Mobile Art Saturday Poetry – In Time of War – Carolyn Forché
This weeks Saturday Poetry, matched with mobile photography/art is entitled ‘In Time of War’ by Carolyn Forch. On April 28, 1950, Carolyn Forch was born in Detroit, Michigan. She studied at Justin Morrill College, Michigan State University and earned an MFA from Bowling Green State University and a PhD from Newcastle University in Newcastle-upon-Tyne, United Kingdom.
A poet, memoirist, translator, and editor, Forché’s books of poetry include In the Lateness of the World (Penguin, 2020), a finalist for the Pulitzer Prize and winner of the American Book Award; Blue Hour (HarperCollins, 2003), a finalist for the National Book Critics Circle Award; The Angel of History (HarperCollins, 1994), which received the Los Angeles Times Book Award; The Country Between Us (HarperCollins, 1982), which received the Poetry Society of Americas Alice Fay di Castagnola Award and was the Lamont Poetry Selection of the Academy of American Poets; andGathering theTribes (Yale University Press, 1976), which was selected for the Yale Series of Younger Poets by Stanley Kunitz. Her memoir What You Have Heard is True: A Memoir of Witness and Resistance (Penguin Press/Penguin Random House, 2019) won the Juan E. Mendez Book Award for Human Rights in Latin America, and was a finalist for the 2019 National Book Award in Nonfiction, a finalist for the Dayton Literary Peace Prize, and a finalist for the James Tait Black Prize in the United Kingdom. She has translated the poetry of Claribel Alegra, Robert Desnos, Mahmoud Darwish, Fernando Valverde, and Lasse Sderberg, among others. She is also the coeditor, with Duncan Wu, ofPoetry of Witness: The Tradition in English, 1500-2001 (W. W. Norton, 2014) and editor of Against Forgetting: Twentieth-Century Poetry of Witness (W. W. Norton, 1993), praised by Nelson Mandela as itself a blow against tyranny, against prejudice, against injustice.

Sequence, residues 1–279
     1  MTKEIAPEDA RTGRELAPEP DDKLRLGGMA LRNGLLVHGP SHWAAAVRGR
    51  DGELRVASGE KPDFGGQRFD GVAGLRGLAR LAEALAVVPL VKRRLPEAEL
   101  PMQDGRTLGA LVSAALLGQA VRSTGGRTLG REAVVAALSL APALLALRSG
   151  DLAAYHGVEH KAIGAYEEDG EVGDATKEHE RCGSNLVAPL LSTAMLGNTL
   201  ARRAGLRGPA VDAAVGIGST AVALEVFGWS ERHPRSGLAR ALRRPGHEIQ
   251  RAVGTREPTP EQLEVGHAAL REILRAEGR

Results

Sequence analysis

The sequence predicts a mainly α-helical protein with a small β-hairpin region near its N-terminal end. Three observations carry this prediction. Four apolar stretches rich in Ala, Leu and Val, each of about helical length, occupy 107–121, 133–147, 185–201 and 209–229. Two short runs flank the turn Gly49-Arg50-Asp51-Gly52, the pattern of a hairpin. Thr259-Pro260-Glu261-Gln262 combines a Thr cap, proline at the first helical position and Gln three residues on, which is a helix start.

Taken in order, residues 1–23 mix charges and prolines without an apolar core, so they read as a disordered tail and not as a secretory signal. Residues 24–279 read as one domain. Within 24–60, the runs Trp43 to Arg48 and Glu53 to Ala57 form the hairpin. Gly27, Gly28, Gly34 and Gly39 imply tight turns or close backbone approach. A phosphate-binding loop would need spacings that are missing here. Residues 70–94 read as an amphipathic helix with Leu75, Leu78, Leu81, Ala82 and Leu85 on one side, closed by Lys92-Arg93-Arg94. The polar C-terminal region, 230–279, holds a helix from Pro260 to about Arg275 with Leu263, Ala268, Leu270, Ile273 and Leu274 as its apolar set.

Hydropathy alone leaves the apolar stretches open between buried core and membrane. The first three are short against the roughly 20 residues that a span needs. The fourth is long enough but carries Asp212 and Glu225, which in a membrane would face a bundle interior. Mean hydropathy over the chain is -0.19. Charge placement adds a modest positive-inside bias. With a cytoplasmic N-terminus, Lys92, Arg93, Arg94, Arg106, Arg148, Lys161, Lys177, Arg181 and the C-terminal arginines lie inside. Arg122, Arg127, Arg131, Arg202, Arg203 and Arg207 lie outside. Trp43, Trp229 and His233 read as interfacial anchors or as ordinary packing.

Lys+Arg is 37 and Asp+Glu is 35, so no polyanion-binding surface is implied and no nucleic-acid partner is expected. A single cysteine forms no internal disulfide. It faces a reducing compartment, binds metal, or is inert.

Her honors include fellowships from the John Simon Guggenheim Foundation, the Lannan Foundation, the National Endowment for the Arts, and the Civitella Ranieri Foundation. In 1992, she received the Charity Randall Citation from the International Poetry Forum; in 1996, she was giventhe Hiroshima Foundation Award for Peace and Culture in Stockholm; in 2013, she was awarded the Academy of American Poets Fellowship for distinguished poetic achievement. A finalist for the Neustadt Prize in 2015, she became, in 2017, one of the first two poets to receive the Windham-Campbell Prize from the Beinecke Rare Book and Manuscript Library at Yale University. In 2020, she received the Lannan Award in Poetry from the Lannan Foundation. Her work has been translated into twenty-four languages. She is a Presidential Fellow at Chapman University anda University Professor at Georgetown University in Washington, D.C. In January 2022, Forch was electedto become a Chancellor of the Academy of American Poets.
I have matched artwork by @pause.and.breathe – Susan Latty with this poem. You can view her Instagram feed here.
If you would like to be featured in our Saturday Poetry section, please ensure you include the hashtag #theappwhisperer to any images posted to Instagram. This will mean we will be able to consider it.
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‘In Time of War’ ©Carolyn Forché
And so we stayed, night after night awake
until the moon fell behind the blackened cypress,
and bats returned to their caverns having gorged
on the night air, and all remained still until the hour
of rising, when the headless woman was no longer seen
nor a ghostly drum heard, nor anyone taking
the form of mist or a fiddler, and the box never opened
by itself, nor were there whispers or other sounds, no rustling
dress or pet ape trapped in a secret passage, but there was
labored breathing, and unseen hands leafing through
the pages of a visitors book, and above the ruins a girl
in white lace, and five or more candles floating,
and someone did see a white dog bound into a nearby
wood, but there were neither bagpipes nor smiling skull,
no skeletons piled in the oubliette, and there was,
as it turned out, no yellow monkey, no blood
leaking from a slit throat, and no one saw
a woman carrying the severed head,
but there were children standing on their own
graves and there was the distant rumble of cannon.
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